The art of Bonsai gardening
Oriental culture shares with the world many wondrous and beautiful forms of art. None may be so alluring as the Japanese art of Bonsai. Bonsai gardening is ancient in its origin. Generally associated with Japanese culture, there are references to gardens of trimmed and potted plants from as long ago as the Roman and Egyptian empires. It is believed the migration of this type of gardening proceeded through India into China and then Japan.
A common misconception is that bonsai trees are dwarf plants.
Nothing could be further from the truth. The Japanese art of bonsai is in
training and maintaining full size species in shallow confined pots. This
process does not produce a dwarf but instead a miniature. All aspects of a
normal size plant or tree are kept intact. The specimen must be proportioned, must have all the affectations of its life cycle, appeared to have met with the elements and it must function as if it were full size. The ability to obtain this level of horticultural theater is truly the embodiment of this garden art.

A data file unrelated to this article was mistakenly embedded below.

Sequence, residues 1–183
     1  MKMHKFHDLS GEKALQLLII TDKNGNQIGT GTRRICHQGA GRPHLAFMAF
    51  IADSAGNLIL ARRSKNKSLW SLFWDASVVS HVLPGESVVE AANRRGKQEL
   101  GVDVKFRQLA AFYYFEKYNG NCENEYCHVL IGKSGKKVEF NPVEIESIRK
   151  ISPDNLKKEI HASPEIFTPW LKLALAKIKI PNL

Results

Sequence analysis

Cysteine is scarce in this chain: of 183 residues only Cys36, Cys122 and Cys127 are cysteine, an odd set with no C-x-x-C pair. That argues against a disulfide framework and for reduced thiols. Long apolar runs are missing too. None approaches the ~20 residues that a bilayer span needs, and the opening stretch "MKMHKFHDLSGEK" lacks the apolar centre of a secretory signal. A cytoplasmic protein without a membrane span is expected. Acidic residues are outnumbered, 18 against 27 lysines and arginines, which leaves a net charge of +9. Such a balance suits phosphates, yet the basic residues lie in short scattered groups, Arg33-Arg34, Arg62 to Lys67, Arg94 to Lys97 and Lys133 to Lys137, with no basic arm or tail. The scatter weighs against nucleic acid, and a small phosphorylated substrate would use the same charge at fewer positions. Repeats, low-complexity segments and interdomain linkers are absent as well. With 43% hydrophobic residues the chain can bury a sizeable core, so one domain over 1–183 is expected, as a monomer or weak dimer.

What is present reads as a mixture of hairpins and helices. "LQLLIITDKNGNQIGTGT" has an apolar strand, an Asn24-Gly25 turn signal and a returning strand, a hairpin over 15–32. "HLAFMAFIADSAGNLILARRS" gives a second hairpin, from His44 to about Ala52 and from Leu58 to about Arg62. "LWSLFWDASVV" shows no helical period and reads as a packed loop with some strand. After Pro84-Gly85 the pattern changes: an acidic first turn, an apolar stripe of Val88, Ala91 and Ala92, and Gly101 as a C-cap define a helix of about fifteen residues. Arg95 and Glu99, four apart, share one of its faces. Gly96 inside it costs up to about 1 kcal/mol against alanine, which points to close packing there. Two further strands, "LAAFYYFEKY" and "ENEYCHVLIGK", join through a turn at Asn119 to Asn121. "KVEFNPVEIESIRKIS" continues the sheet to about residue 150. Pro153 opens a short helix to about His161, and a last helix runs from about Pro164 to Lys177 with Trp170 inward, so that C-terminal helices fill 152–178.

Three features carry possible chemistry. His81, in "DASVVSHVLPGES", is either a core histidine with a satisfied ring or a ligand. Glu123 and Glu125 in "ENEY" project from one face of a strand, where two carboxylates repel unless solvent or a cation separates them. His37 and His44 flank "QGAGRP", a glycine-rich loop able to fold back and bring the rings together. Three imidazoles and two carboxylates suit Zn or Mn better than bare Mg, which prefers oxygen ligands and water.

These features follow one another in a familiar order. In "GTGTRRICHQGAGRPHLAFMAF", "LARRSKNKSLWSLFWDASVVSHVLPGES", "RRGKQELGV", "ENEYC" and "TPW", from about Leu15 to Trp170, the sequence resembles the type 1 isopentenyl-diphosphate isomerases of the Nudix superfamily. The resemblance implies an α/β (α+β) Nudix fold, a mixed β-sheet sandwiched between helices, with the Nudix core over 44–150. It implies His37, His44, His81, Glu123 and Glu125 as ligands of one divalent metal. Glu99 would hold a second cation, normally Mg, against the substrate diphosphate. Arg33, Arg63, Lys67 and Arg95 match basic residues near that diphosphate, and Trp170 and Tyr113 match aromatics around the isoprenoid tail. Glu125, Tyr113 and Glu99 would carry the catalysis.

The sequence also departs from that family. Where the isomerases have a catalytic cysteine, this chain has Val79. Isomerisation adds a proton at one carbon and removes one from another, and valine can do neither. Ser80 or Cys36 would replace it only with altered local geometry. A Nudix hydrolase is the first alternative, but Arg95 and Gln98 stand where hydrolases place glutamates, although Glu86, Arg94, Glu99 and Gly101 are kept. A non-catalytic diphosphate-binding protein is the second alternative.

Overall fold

As demanding as the above statements may seem, it is not difficult to grow bonsai and if cared for properly they can live as long,
if not longer, than their full size cousins. These trees or plants can be of almost any variety. Once the basic understanding of how to maintain a bonsai is learned, you can determine the types of trees or plants your area can support and you should be able to grow a bonsai of those species.
There are three basic categories of the bonsai form, the single trunk, the multiple trunk and the group. Within each category are various styles that are obtained by the trimming and manipulating the growth of limbs and roots. The continuation of this 'training' can be a challenge, but with the proper information and tools, it is among the most rewarding experiences a gardening enthusiast can do.